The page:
I Believe In Us


Awarding grants is just one facet of the work we do at The HAND Foundation. What's more, we emphasize citizenship as a means to empower individuals and build strong communities. This month HAND Foundation president and co-founder Noosheen Hashemi guest-edited the philanthropy issue of a Silicon Valley magazine, Gentry. In it, she features the work of some of the Bay Area's most innovative and generous philanthropists. Beyond financial support, these individuals and the organizations they run are tirelessly devoting their time and expertise to solving some of today's biggest problems. Please read her Letter from the Editor. We also encourage you to check out the complete issue, which can be purchased locally at Draeger's and Roberts Market, as well as accessed online.

Aristotle said: "It is not always the same thing to be a good man and a good citizen." An immigrant, I have always been obsessed with the notion of citizenship and the rights it guarantees in a free society. You see, I came from a place where basic tenets of democracy were under siege: free press, fair elections, protection of minorities. Some rights like privacy didn't even exist under the rule of a single strong man. While there have been moments of concern during my several-decade life in the Unite States—like going to war in Iraq or the passing of Citizens United—I have lived in peace, confident that if I do my job as an informed and engaged citizen, as millions of others do everyday, then everything will be fine. In today's alarming times, when fake news rages, journalists are told to "shut up," racists have found license to openly express hate, and chaos and inefficiency exist in important parts of government, I steadfastly hold on to my faith. Writing for and editing this philanthropy issue—being reminded of all the good that Americans do—only reaffirm and reassure my hope for the American experiment.

We have the largest capitalist economy in the world, the most formidable private sector, and the most sophisticated citizen sector. In 2015 alone, more than 62% of Americans provided 7.9 billion hours of service, and charitable giving represented 2.1% of the GDP, or $373 billion, 71% of which came from individuals as opposed to foundations and corporations. American Exceptionalism? I think so. Everyday citizens take it upon themselves to make multi-billion-dollar bets in science, redefine the American high school, and explore life beyond earth. This is a bold nation, with not only the audacity to dream, but also the conviction to act.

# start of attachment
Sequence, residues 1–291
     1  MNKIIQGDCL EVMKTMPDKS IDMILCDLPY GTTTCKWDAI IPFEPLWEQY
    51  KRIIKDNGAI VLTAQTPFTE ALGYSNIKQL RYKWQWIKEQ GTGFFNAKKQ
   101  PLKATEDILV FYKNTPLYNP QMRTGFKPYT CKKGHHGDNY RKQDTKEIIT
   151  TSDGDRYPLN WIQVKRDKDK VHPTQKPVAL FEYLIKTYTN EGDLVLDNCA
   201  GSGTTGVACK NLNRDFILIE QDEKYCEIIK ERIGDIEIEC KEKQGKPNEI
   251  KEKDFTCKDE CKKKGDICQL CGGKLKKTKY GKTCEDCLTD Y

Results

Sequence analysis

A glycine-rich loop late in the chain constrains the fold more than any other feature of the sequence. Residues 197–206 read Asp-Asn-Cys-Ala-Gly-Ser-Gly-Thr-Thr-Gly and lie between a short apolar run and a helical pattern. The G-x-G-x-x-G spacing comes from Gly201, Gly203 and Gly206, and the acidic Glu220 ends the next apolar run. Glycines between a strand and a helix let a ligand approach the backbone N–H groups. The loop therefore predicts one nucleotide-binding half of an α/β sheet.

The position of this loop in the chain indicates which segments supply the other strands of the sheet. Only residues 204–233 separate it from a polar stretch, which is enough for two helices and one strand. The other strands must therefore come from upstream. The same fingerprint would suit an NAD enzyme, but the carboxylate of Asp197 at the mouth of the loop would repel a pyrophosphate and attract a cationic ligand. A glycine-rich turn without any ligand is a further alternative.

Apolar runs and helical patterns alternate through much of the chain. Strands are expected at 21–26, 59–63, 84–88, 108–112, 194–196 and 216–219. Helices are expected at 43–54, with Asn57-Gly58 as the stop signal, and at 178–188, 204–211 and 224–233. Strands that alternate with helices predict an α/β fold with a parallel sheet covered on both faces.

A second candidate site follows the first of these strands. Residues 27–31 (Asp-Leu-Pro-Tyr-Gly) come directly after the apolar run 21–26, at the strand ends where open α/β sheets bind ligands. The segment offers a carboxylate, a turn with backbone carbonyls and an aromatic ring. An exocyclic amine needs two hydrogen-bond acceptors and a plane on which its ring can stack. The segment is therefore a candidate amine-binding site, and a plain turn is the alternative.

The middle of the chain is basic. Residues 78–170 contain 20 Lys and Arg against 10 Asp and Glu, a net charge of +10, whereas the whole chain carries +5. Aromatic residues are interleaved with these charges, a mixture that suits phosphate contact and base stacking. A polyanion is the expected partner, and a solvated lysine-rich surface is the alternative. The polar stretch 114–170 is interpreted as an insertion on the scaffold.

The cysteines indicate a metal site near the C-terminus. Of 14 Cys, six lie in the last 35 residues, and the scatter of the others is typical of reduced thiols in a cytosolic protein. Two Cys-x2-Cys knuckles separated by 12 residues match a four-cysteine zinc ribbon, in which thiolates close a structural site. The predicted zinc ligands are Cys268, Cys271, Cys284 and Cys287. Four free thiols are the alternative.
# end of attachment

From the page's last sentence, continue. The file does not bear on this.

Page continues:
Just take a look at Top 50 Philanthropists (page 91). Note Omidyar Network's heroic fund to benefit truth in journalism, Reid Hoffman and Michelle Yee's visionary gift to use AI for good and to ensure its ethical use, Ann and John Doerr's noble investment in transforming how students are developed as leaders in U.S. universities, and many other far-sighted grants. Of course, there's no such a thing as a "Top 50" list because so many are doing so much that is hidden from the public eye, a topic we explore in Quiet Catalysts (page 124). A previously discrete donor who has decided that this is the moment to share her journey is Angela Filo. Read her unique perspective, in The Practitioner Philanthropist (page 118).

Often synonymous with education and immigration reform, we highlight a different side of Emerson Collective, one that stewards and advances truth-telling through its backing of high-quality investigative journalism and socially-conscious media outlets (Emerson Collective's Mission to Safeguard the Truth, page 50). We feature significant public-private partnerships in two articles addressing innovative solutions to homelessness in the Bay Area and how a basketball team is helping transform its host city of Sacramento. Don't miss A New Philanthropy Paradigm (page 102), and Mr. Real-Time Takes the Capital (page 45). Our cover story, From Connecting the World to Saving It (page 102), is about Silicon Valley's responses to disease and specifically the emperor of all maladies: cancer. Founding director of USC's Lawrence J. Ellison Institute for Transformative Medicine, Dr. David Agus, shares his insights into the Ellison Institute, prevention, and what's on the horizon for cancer-care. Finally, I invite you to learn about life-saving and life-enriching programs for our teens: Sanctuary introduces SafeSpace, a community refuge and fully staffed therapy center for teenagers struggling with mental health and situational pressures (page 188), and Start 'Em Young which explores the extraordinary work of SV2 Teens, a youth philanthropy program that springboards kids onto a life of thoughtful volunteering and giving (page 54). I hope you enjoy reading this issue, which was a labor of love spanning three quarters of a year.

The American agenda might be unfinished, but American citizenship is evolving and advancing forward every day. Our values of work, charity, and kindness are woven resolutely into a social fabric that no temporary political movement can tatter. Today and always, I am grateful for my family, colleagues, and mentors that have shepherded my own American Dream, to not only live it to its fullest, but also to perpetuate it for others. My parents, Zod Nazem, Vartan Gregorian, Laura Arrillaga, Larry Ellison, Jerry Yang, and Gary Becker: thank you! To those who came before and left a playbook—Julius Rosenwald, Isaias Hellman, Chuck Feeney—eternal blessings.

Noosheen Hashemi